Many people underestimate lifestyle costs, medical expenses and inflation.
What is enough? What is not enough? If you’re considering retiring in the near future, you’ve probably heard or read that you need about 70% of your end salary to live comfortably in retirement. This estimate is frequently repeated, but that doesn’t mean it’s true for everyone; it might not be true for you.
You won’t learn how much retirement income you’ll need by reading this article. You’ll want to meet with a qualified retirement planner who can help you plan to estimate your lifestyle needs and short-term and long-term expenses.
With that in mind, there are some factors which affect retirement income needs; too often, they go unconsidered.
Health. Most of us will face a major health problem at some point in our lives; perhaps even multiple or chronic health problems. We don’t want to think about that reality. But if you’re a new retiree, think for a moment about the costs of prescription medicines, and recurring treatment for chronic ailments. These minor and major costs can really take a bite out of retirement income, even with a great health care plan. While generics have demonstrably slowed the advance of prescription drug costs in the past, one estimate found that 65-year-old couple who retired in 2011 would pay $230,000 for health care costs, excluding insurance and Medicare, as well as the costs for nursing home care.1,2
Heredity. If you come from a family where people frequently live into their 80s and 90s, you may live as long or longer. Imagine retiring at 55 and living to 95 or 100. You would need 40-45 years of steady retirement income.
Portfolio. Many people retire with investment portfolios they haven’t reviewed in years, with asset allocations that may no longer be appropriate. New retirees sometimes carry too much risk in their portfolios, with the result being that the retirement income from their investments fluctuates wildly with the vagaries of the market. Other retirees are super-conservative investors: their portfolios are so risk-averse that they can’t earn enough to keep up with even moderate inflation, and over time, they find they have less and less purchasing power.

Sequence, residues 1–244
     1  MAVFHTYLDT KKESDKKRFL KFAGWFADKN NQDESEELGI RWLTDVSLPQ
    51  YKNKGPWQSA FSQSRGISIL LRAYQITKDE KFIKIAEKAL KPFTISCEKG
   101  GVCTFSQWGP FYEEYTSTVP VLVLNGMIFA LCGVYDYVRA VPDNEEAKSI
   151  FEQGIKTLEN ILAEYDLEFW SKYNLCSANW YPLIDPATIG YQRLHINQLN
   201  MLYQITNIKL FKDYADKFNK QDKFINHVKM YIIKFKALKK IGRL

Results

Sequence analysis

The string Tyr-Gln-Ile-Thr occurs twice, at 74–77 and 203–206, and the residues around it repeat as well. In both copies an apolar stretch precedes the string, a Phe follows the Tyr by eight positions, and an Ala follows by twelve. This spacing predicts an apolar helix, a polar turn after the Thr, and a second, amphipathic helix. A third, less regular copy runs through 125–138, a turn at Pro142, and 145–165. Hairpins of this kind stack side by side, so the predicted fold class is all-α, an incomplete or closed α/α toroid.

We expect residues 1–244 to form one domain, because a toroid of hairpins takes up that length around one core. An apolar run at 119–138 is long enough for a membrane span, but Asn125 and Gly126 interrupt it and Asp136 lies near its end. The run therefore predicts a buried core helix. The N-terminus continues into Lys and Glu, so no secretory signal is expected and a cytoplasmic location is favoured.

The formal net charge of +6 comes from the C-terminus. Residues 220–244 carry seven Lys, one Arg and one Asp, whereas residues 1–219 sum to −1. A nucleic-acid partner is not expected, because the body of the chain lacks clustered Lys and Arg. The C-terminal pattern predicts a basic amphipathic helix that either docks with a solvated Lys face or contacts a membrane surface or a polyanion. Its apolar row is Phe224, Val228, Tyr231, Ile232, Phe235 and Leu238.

Spending habits. Do you only spend 70% of your salary? Probably not. If you’re like many Americans, you may spend as much as 90% or 95% of it. Will your spending habits change drastically once you retire? Again, probably not. Most people only change spending habits in response to economic necessity or in pursuit of new financial goals. People don’t want to “live on less” once they have had “more”.
Social Security (or lack thereof). Will Social Security even exist by the time you’ve retired? A study from the Government Accounting Office brings this into sharp focus, stating that the long-lived program may start to run out of money by 2036 and may be broke by the end of that decade. Furthermore, the GAO suggests a 20% cut in benefits, due to increased longevity and lower employment. Even if SSI is still a going concern in 2040, it may be very slim pickings.3,4
So will you have enough? When it comes to retirement income, a casual assumption may prove to be woefully inaccurate. Meet with a qualified retirement planner while you are still working to discuss these factors and estimate how much you will really need.
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1 - www.nytimes.com/2007/09/21/business/21generic.html?_r=1&oref=slogin
2 - www.reuters.com/article/2012/02/23/us-column-miller-retirementcost-idUSTRE81M24M20120223
3 - montoyaregistry.com/Financial-Market.aspx?financial-market=will-you-have-an-adequate-retirement-cash-flow&category=3
4 - www.sfgate.com/cgi-bin/article.cgi?f=/g/a/2012/02/17/investopedia73409.DTL